Medicaid expansion key in opioid abuse fight, Cordray says in Springfield

Democratic candidate for Ohio Governor Richard Cordray, in his first visit to Springfield since the May 8 primary election, promised Monday if he is elected he would continue the Medicaid expansion championed by current Republican Governor John Kasich. Cordray spoke at a roundtable meeting with Springfield city leaders and Clark County social service providers, where much of the discussion focused on the opioid crisis.

“Mike DeWine has been a dismal failure as Ohio’s top cop. Opioid deaths have tripled on his watch and there have been cuts to funds for first responders and people in the community fighting the crisis,” Cordray said.

DeWine, the current Ohio Attorney General, for many months early this year criticized his primary opponent, Mary Taylor, for supporting Kasich’s Medicaid expansion. Taylor, later in the campaign, said if elected she would end it. DeWine’s plan for handling the opioid crisis, published on his campaign web site, does not mention Medicaid expansion. It does, however, call for passage of a law permitting the governor to declare a public health emergency. The twelve-point plan also includes adding at least 60 more specialized drug courts across Ohio and doubling the substance use treatment capacity in the state.

An estimated 200,000 Ohioans make use of the expanded coverage to pay for addiction services. Loss of the program, said Cordray, would be a costly mistake for taxpayers and hurtful to those in need. “They will show up in emergency rooms with serious and expensive problems. We will all end up paying for that like we used to before Medicaid expansion came to Ohio,” Cordray said.

While Cordray’s Springfield event was clearly part of his campaign, the discussion did not focus on politics, and instead centered on health care policy. Greta H. Mayer, CEO of the Mental Health and Recovery Board of Clark, Greene and Madison Counties said Medicaid expansion has made it possible for her agency to help a growing number of people. “It has gotten people who otherwise would not have health insurance in particular. These folks who have an addiction, an opioid addiction, to get into the doors of a treatment center for the first time and have a chance of recovery and long-term sobriety,” Mayer said.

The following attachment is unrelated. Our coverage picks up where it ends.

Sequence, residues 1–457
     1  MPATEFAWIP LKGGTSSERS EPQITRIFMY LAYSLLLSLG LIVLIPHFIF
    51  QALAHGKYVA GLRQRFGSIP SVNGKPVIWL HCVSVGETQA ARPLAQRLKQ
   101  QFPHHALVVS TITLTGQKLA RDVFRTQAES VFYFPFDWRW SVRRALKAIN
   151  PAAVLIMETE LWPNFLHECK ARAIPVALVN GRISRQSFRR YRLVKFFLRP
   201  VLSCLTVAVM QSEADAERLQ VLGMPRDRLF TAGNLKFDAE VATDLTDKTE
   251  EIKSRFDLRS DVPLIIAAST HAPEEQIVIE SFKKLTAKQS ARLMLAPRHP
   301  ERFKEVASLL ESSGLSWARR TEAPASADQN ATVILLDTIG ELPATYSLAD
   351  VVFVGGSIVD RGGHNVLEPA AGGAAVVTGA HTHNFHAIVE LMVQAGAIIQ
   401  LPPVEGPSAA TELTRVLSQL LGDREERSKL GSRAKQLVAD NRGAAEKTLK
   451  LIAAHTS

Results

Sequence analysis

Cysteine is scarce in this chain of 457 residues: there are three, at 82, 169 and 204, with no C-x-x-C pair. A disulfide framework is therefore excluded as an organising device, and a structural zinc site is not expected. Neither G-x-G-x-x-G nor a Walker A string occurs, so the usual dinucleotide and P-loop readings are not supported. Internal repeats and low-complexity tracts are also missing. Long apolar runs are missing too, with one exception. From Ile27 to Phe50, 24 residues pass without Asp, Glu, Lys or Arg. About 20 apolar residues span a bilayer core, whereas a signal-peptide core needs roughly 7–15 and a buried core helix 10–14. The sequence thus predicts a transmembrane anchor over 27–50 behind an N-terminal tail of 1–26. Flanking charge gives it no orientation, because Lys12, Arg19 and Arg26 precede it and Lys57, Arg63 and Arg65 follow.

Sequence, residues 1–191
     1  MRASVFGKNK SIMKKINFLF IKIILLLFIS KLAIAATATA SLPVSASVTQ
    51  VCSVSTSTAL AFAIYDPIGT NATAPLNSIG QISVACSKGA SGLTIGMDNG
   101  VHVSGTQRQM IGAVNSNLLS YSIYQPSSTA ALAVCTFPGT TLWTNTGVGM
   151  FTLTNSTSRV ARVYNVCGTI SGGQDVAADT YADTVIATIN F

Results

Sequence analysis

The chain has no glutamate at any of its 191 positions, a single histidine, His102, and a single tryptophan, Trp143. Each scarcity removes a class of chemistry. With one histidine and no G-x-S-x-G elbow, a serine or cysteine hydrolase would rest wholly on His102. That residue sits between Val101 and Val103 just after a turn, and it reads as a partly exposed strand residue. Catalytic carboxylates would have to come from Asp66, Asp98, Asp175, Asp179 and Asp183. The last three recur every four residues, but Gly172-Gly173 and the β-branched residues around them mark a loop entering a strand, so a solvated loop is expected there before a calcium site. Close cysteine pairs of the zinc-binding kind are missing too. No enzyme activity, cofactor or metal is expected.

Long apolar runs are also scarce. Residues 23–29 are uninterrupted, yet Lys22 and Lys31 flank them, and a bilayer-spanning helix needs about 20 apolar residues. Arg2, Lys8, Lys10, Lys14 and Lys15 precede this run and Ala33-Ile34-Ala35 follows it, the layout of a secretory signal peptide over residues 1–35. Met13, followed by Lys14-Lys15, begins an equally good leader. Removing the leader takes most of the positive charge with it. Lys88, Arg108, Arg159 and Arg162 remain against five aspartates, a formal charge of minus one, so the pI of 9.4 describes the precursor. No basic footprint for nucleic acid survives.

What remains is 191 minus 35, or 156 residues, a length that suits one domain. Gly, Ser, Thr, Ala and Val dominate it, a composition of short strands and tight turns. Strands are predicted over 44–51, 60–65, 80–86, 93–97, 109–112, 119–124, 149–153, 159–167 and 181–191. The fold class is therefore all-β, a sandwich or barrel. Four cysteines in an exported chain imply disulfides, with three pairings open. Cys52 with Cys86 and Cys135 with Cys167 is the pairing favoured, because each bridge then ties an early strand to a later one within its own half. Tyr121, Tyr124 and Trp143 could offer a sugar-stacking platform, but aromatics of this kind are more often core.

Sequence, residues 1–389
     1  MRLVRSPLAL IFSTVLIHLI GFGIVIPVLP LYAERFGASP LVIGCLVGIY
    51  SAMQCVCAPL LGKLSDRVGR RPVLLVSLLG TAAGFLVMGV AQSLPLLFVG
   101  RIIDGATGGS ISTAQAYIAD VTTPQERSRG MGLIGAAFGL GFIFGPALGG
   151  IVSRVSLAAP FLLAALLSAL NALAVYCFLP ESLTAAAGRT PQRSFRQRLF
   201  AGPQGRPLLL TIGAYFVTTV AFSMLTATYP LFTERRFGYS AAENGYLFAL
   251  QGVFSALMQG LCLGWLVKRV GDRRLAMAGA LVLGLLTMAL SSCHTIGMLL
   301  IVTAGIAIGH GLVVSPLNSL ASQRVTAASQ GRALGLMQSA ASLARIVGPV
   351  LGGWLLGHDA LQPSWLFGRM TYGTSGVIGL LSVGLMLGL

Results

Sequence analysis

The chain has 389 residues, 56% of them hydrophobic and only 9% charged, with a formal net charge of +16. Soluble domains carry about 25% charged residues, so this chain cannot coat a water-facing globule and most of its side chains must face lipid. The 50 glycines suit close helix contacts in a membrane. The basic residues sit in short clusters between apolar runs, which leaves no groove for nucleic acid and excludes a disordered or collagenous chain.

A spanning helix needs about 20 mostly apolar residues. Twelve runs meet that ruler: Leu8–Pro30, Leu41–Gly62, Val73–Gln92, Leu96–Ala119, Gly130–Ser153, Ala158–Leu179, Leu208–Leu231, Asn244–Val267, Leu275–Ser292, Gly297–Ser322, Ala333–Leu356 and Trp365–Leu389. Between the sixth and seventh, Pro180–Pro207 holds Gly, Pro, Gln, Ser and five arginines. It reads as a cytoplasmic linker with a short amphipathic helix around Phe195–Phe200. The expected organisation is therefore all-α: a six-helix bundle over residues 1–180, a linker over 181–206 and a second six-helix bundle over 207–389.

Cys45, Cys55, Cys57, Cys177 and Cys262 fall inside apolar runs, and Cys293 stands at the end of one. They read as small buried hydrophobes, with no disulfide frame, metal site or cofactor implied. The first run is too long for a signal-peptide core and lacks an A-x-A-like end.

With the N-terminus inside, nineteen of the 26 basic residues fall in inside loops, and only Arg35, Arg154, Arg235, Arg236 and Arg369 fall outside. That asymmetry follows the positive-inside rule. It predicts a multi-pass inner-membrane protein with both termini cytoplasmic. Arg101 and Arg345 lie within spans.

The drug crisis has had a big impact on the local job market where employers have traditionally rejected any applicant who had a drug conviction in their past. Jason Barlow, President of UAW 402 at Navistar, said the company is gearing up for another round of expansion and has had to adapt to the changing employee landscape, relative to addiction issues. “It has been a large challenge for multiple years. Now that they are looking at a significant amount of hiring again, adding 400 jobs by the end of the year, it has caused the company to evaluate how they do the hiring and recruiting and giving second chances to people too,” Barlow said.

The UAW, said Barlow, has been active in helping employees and their entire families if they need it. “We have an employee assistance representative able to work with the employee, also provide resources for the employee’s spouse, their children and it could be their grandchildren,” Barlow said.

Throughout the hour-long discussion, Cordray asked questions and took notes on innovative ways Springfield community agencies have responded to the opioid crisis through information sharing and coordination of their activities.

Springfield City Commissioner Joyce Chilton said she hoped Medicaid expansion can remain in place. The victims, said Chilton, depend on the coverage as the crisis continues to strike deep into the community. “Family members, friends, everyone knows somebody who has been effected,” Chilton said.

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